The Wars Are Not Over
US veterans are in trouble. Veterans returning to the work place are finding it difficult to find jobs with their unemployment rate north of 12%, versus the (falsely low) figure of 9% for the country. One reason is many have come back ill. What sort of ailments is the question.
We can get a small idea in indirect ways.
Recently the Army’s research unit at Walter Reed did follow-up studies on 300 veterans with Post Traumatic Stress Disorder, some with physical injuries – blast or traumatic brain injury – and some without.
Some figures were predictable – 49% had insomnia.
Other figures were not. Fully 56% of this group of young men had sleep apnea to a significant degree. And 87% complained of daytime sleepiness.
Try getting a job when you’re sleepy all day.
And who had sleep apnea? For those with blast injuries, 26%. If there was a history of blunt trauma, 54%.
But the group with the highest sleep apnea were those without traumatic brain injury – 78%.
It’s not easy to know what the completely comparable figures are for males in the non-veteran population. Most researchers might argue it’s perhaps a few percent.
These veterans have a lot more sleep apnea than they should.
Sleep Apnea, a Systemic Disease
Much of the population thinks of sleep apnea as a disease of sleep alone. People snore a lot, stop breathing, wake up their partners, and feel sleepy during the day.
If only it were that simple.
Sleep apnea causes systemic inflammation. Blood pressure goes up. There are higher rates of depression and anxiety disorders. Particularly in younger populations, like veterans studied at Walter Reed, heart attacks and cardiovascular death rates increase.
Why Are Apnea Rates So High?
Original press reports wondered if unnoticed sleep apnea had itself been a risk factor for PTSD.
That may be putting the cart before the horse.
PTSD is difficult to treat; traumatic brain injury is very difficult to treat. Many of the drugs used to treat either can cause weight gain – the largest factor increasing sleep apnea rates in young and middle aged adults. People with anxiety and depression also tend to eat more. If you have PTSD or traumatic brain injury you tend to be more sedentary, a result exacerbated by the physical debilities added by brain and body trauma. The more sedentary you are, the highest the risk of cardiovascular death.
These are medical problems that make all the accompanying disorders worse.
The Military, Families and the Economy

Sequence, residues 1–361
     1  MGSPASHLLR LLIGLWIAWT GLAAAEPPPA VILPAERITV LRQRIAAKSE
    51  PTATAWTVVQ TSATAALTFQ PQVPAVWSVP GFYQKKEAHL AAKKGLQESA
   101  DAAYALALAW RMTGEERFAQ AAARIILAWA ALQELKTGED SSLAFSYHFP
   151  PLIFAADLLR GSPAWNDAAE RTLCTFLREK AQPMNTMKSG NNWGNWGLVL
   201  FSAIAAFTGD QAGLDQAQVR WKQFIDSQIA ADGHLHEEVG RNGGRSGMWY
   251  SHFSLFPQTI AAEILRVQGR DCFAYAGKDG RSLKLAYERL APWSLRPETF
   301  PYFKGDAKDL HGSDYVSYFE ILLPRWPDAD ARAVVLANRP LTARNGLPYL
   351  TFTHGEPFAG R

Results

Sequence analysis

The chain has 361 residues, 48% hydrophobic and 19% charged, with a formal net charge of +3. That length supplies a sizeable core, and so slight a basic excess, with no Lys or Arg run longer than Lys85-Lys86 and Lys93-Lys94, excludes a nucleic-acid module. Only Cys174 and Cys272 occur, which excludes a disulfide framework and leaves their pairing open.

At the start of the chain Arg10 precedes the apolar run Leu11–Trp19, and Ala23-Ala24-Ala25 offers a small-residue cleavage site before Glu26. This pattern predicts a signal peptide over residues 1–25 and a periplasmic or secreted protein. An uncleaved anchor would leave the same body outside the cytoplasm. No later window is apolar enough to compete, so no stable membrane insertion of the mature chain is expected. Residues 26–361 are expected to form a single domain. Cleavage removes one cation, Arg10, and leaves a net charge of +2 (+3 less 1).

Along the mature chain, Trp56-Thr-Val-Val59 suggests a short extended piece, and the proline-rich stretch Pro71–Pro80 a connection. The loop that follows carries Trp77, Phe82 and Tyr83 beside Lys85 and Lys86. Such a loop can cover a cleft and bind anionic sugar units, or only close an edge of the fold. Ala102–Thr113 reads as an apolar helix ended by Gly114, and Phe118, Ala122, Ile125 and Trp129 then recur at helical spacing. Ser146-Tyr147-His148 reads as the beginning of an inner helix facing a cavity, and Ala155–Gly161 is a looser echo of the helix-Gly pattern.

The military is quite aware of what returning veterans are facing. The VA knows it must gear up to treat them, and will be treating them for decades.
Whether the money will be there is another story. Federal budget cuts are mandated under the recently passed budget. Military spending will be hit, and medical spending is an obvious target.
Which means a greater burden on families to care for their spouses, brothers, sisters, and children. That’s difficult in a good economy, and potentially murderous in a bad one.
Public Health and the Wars
Most economic summaries of the cost of the Iraq and Afghan wars look at numbers killed and numbers maimed, dollar costs of military deployment and direct costs paid to supported governments.
There are other costs which the American population will be paying for several decades. They include the large number of veterans who have come back hurt, injured with medical disorders that last throughout life. The rates of PTSD and TBI are high. The associated medical problems are greater still.
The American public is proud of its volunteer army who bear the costs of war. Now they have to become aware of the medical, health, social and psychological costs that do not go away.
Recognizing what people have gone through – and will go through – should make new public initiatives possible. They will be necessary to more easily enable veterans to find jobs, social support, and health care from communities across the country.
Some actions will be obvious – like giving veterans preference for public service jobs. Others may not be, like setting up nutritional counseling for veterans, or special discounts at sports and gym facilities.
Getting a few pounds lighter can change someone with sleep apnea to someone without it. Moving under your own strength can fight depression as well as weight gain.
The military and the VA can’t do it all. We will need to create different public health approaches to what will be a long, growing public health problem.
Because we really are in this together.